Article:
(With Gloria St. John) From Doctor to Healer: The Transformative Journey, Rutgers University Press (New Brunswick, NJ), 1998.

(Editor) Ronald L. Grimes, Deeply into the Bone: Reinventing Rites of Passage, University of California Press (Berkeley, CA), 2000.

(With Kenneth J. Cox) Bucky Balls, Fullerenes, and the Future: An Oral History Interview with Professor Richard E. Smalley, Institute for Advanced Interdisciplinary Research (Houston, TX), 2001.

(Editor, with Ivy Bourgeault and Cecilia Benoit) Reconceiving Midwives: The New Canadian Model of Care, McGill-Queens University Press (Toronto, Ontario, Canada), 2004.

(Editor, with Christina Johnson) Mainstreaming Midwives: The Politics of Professionalization, Routledge (New York, NY), 2005.

(Editor, with Marcia Good Maust and Miguel Guémez Piñeda) Midwives in Mexico: Continuity, Controversy, and Change, University of Texas Press (Austin, TX), 2005.

Editor, with Carolyn F. Sargent, of The Social Production of Authoritative Knowledge in Childbirth, special edition of Medical Anthropology Quarterly, 1996. Contributor to books, including The Life Cycle of Women: New Anthropological Approaches, University of Houston Press (Houston, TX), 1983; Cultural Constructions of Woman, edited by Pauline Kolenda, Sheffield Press (Salem, WI), 1987; The Anthropology of Science and Technology, edited by David J. Hess and Linda L. Layne, JAI Press (Hartford, CT), 1992; The Encyclopedia of Childbearing: Critical Perspectives, edited by Barbara Katz Rothman, Oryx Press (Phoenix, AZ), 1993; Feminist Theory in the Study of Folklore, edited by Susan Tower Hollis, Linda Pershing, and M. J. Young, University of Illinois Press (Champaign, IL), 1993; Many Mirrors: Body Image and Social Relations, Rutgers University Press, 1994; Holistic Midwivery: A Comprehensive Textbook for Midwives in Homebirth Practice, Volume 1, Labyrs Press (Portland, OR), 1995; Trust Your Body! Trust Your Baby, by Andrea Henkart, Greenwood Press/Bergin & Garvey (New Haven, CT), 1995; The Blackwell Dictionary of Anthropology, edited by Thomas J. Barfield, Blackwell Publishers (Oxford, England), 1996; The Ecology of Health, Sage Publications (Thousand Oaks, CA), 1996; Gender and Health: An International Perspective, edited by Carolyn F. Sargent and Caroline Brettell, Prentice-Hall (Upper Saddle River, NJ), 1996; Gender in Cross-Cultural Perspective, edited by C. Brettell and C. F. Sargent, Prentice-Hall, 1997; The Performance of Healing, edited by Carol Laderman and Marina Roseman, Routledge, 1997; Corporate Futures, edited by George Marcus, University of Chicago Press (Chicago, IL), 1998; Conspiracy Theories, University of Chicago Press, 1999; Oxford Companion to the Body, edited by Colin Blakemore, Oxford University Press, 1999; Birth by Design: The Social Shaping of Maternity Care in Northern Europe and North America, edited by Raymond DeVries and others, Routledge, 2001; and Consuming Motherhood, edited by Danielle Wozniak and others, Rutgers University Press (New Brunswick, NJ), 2004.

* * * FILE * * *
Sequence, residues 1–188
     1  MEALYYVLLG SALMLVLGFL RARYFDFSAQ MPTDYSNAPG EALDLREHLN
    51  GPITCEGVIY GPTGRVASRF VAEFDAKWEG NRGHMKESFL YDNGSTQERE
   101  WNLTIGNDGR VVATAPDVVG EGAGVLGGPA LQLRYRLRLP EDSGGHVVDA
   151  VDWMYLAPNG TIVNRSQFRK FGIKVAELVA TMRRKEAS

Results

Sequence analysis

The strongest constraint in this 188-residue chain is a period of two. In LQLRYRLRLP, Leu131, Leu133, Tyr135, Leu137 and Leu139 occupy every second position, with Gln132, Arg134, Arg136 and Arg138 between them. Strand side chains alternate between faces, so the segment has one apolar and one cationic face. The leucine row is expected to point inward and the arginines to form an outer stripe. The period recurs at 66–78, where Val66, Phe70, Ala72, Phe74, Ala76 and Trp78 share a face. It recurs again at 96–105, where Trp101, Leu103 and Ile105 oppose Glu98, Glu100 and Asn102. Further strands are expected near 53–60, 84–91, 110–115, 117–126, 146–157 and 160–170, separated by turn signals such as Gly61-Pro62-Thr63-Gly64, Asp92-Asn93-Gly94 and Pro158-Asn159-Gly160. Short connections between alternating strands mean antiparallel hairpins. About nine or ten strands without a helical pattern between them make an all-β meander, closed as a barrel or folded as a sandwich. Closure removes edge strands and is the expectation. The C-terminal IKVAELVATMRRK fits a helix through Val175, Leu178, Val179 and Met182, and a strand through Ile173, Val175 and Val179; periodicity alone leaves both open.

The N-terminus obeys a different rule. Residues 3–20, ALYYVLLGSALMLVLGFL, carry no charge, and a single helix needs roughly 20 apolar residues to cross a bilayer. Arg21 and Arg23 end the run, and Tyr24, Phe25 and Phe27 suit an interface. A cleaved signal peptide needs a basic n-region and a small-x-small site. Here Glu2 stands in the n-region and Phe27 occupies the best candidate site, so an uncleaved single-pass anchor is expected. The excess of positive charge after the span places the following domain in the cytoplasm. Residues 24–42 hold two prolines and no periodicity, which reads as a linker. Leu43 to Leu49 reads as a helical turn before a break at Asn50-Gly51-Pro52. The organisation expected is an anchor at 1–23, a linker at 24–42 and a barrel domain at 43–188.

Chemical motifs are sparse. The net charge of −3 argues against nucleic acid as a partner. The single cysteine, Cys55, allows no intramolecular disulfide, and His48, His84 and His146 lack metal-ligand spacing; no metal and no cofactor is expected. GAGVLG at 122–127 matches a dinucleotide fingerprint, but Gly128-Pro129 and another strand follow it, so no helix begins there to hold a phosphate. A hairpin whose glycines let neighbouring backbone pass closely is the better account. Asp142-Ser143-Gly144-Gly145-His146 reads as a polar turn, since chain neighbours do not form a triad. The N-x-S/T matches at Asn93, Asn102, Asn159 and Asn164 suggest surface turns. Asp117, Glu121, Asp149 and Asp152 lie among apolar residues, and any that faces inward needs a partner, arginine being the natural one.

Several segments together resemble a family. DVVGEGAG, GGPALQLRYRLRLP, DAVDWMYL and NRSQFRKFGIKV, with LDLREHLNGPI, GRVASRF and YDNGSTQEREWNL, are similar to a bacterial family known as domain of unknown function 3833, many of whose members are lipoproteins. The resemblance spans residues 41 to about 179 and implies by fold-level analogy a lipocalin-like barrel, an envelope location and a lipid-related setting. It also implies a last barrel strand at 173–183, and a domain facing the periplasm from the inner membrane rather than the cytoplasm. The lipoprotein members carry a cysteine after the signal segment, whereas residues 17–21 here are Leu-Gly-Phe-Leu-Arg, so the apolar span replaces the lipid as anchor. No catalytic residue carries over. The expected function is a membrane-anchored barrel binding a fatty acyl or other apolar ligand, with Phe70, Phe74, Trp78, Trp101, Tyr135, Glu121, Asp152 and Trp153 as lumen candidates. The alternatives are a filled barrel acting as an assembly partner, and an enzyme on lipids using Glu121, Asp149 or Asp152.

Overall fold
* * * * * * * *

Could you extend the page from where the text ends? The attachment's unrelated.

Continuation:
Contributor to periodicals, including American Anthropologist, American Ethnologist, Anthropology of Consciousness, Birth, Birth Gazette, Childbirth Alternatives Quarterly, Feminist Studies, Human Organization, International Journal of Childbirth Education, International Journal of Gynecology and Obstetrics, Journal of American Folklore, Journal of Humanistic Anthropology, Journal of Perinatal Education, Lancet, Man, Medical Humanities Review, Midwifery Today, Mothering, Pre-and PerinatalPsychology Journal, Signs, Social Science and Medicine, Special Delivery, and Texas Monthly. Editorial board member of Journal of Pre-and Perinatal Psychology. Editor, with others, of "Life Passages" series, for University of California Press.

WORK IN PROGRESS: Coediting Birth Models That Work, for the University of California Press; coauthoring The Anatomy of Ritual, for Random House; coauthoring Space Stories: Oral Histories from the Pioneers of America's Space Program, an oral history project for the American Institute of Aeronautics and Astronautics, NASA Alumni League, and Johnson Space Center; Grieving and Grace: A Chronicle; various articles.

SIDELIGHTS: Robbie Elizabeth Davis-Floyd is a research fellow at the University of Texas at Austin and a visiting lecturer at Rice University in Houston, Texas. She is a medical and symbolic anthropologist specializing in the anthropology of reproduction, medical anthropology, ritual and gender studies, and the anthropology of science and technology. Much of Davis-Floyd's writing deals with childbirth. In some works she focuses on the experiences of women as they give birth, and in others she writes of the motivations and ideologies of midwives—trained professionals who assist other women during childbirth.